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Justice ministry presser tackles private security firms, El-Gendy case

At press conference in Egypt's Gharbiya governorate, Justice Minister Ahmed Mekki discusses proposals to use private security firms for domestic policing and the controversial case of slain activist Mohamed El-Gendy

Ahram Online, Tuesday 12 Mar 2013
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The Egyptian government is currently studying the possibility of using private security firms for domestic policing, Justice Minister Ahmed Mekki said at a Tuesday press conference at which he also discussed the controversial case of slain activist Mohamed El-Gendy.

"There is a proposition to legalise the status of private security companies to combat the ongoing security vacuum," Mekki said. "The state is also seeking draft legislation aimed at restricting the activities of outlaws and armed groups, in addition to a law to oversee the funds and expenditures of private [political] organisations."

Mekki's statements came after the Muslim Brotherhood's Freedom and Justice Party (FJP) announced that it was mulling draft legislation aimed at allowing the state to employ private security firms for domestic policing. The move comes amid an ongoing strike by large numbers of Egyptian police officers.

At the same press conference, convened in Egypt's Gharbiya governorate in the Nile Delta, Mekki also referred to earlier controversial statements he made about slain activist Mohamed El-Gendy. While forensic officials had initially attributed El-Gendy's death to an automobile accident, many observers believe the activist was tortured to death by police following his arrest early last month.

"The interior minister has informed me that the initial forensic report about El-Gendy's death had shown that he was killed in a car accident," Mekki said. "The interior minister also requested that this information be announced by the prosecution, but I have decided to announce it myself."

"Nevertheless," the minister added, "the final [forensic] report will provide the last word."

Mekki added that President Mohamed Morsi "is closely following the Mohamed El-Gendy case."

The 28-year-old activist died on 4 February after having been arrested during the clashes between police and anti-government protesters that marked the second anniversary of Egypt's 25 January 2011 uprising.

Mekki later came under fire after stating that a forensic report prepared by his ministry had attributed El-Gendy's death to a car crash rather than police torture. Two weeks after Mekki's statement, however, a forensics committee – drawn up by prosecutors – attributed the activist's death to torture.

Shortly before Tuesday's press conference, hundreds of protesters in Gharbiya surrounded the minister, expressing anger over the latter's policies and demanding that El-Gendy's killers be held to account.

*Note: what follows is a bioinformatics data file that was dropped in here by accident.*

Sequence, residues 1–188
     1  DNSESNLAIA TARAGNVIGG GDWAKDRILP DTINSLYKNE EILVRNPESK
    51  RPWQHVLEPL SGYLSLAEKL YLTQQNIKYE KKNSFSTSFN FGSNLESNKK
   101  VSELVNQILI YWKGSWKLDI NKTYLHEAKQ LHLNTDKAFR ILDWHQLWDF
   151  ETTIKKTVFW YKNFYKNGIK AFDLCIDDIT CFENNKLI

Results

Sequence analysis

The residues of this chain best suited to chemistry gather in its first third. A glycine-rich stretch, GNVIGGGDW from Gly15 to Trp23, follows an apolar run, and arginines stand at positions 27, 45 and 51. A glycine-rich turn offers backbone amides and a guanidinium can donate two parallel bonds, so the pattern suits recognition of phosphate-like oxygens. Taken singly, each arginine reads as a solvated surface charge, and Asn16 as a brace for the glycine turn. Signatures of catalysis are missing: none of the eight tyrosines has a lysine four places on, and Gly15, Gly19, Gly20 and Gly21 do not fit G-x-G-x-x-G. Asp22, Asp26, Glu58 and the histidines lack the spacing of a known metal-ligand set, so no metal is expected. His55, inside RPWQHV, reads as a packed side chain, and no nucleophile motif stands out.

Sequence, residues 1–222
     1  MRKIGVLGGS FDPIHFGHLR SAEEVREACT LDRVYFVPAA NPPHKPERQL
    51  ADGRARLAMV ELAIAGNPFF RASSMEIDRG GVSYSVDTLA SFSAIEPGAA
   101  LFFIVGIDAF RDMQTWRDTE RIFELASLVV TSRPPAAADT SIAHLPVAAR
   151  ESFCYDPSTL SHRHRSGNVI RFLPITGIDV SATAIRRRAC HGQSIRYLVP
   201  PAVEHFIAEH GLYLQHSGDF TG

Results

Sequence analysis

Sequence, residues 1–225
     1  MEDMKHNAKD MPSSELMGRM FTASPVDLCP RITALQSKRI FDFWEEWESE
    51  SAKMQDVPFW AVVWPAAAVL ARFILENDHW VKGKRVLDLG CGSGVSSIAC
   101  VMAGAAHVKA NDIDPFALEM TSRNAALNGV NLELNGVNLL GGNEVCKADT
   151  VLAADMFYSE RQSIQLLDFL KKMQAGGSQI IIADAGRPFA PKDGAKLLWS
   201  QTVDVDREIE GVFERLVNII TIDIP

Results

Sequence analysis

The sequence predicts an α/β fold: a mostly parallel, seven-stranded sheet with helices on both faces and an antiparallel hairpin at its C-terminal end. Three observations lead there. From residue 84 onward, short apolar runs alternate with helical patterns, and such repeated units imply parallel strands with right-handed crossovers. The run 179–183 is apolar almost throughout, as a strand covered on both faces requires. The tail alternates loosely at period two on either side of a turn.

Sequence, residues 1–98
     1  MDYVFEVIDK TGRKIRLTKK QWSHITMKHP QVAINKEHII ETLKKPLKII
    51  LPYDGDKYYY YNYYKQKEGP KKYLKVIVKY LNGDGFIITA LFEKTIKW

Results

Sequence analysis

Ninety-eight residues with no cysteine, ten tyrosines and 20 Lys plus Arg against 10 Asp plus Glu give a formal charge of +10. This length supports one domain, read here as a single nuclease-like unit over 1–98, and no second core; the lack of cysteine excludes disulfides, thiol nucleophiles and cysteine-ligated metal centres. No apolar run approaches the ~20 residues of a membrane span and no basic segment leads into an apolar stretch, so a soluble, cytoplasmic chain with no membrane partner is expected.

Egyptian Prosecutor-General Talaat Ibrahim, for his part, has drawn up a committee to look into the activist's death. The seven-member committee has yet to release its findings.

Mekki was appointed justice minister by President Morsi last August. He had formerly served as vice-president of Egypt's Court of Cassation, the country's highest appeal court.

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Nora
13-03-2013 01:14pm
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The other point of view
Protesters have used violence to overthrow an elected president. The police force is extremely thin fighting in several fronts (ex regime gangsters, narcotics, rapists, thugs, and oppositions that act like a spoiled child). Just read the crime column in any Egyptian newspapers. The society I need of common laws and citizen arrest program to combat crimes. NFS bears the responsibilities for advocating violence. They have that young's man blood in their hands. The olds need to stop exploiting the youngsters to advance theirs washed out career.
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TH
13-03-2013 11:42am
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Lies, Lies, and more Lies
So the government, which is in charge of security and which has control over the Police and Armed Forces, is considering legalizing private security forces to bring law and order ! Does this happen anywhere else except in the land of the Moslem Brotherhood ? A man dies and several weeks later we are still not sure how or why? And this is a case that the President is following closely ! What if he wasn't following ? How much worse can it get . ps: I am sure Ahramonline will not post these comments, like they don't post many others that challenge their view of the status quo.
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M.S
13-03-2013 01:26pm
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Don't you worry
Alahramonline loves anti Muslims comments. All hate comments are welcome.
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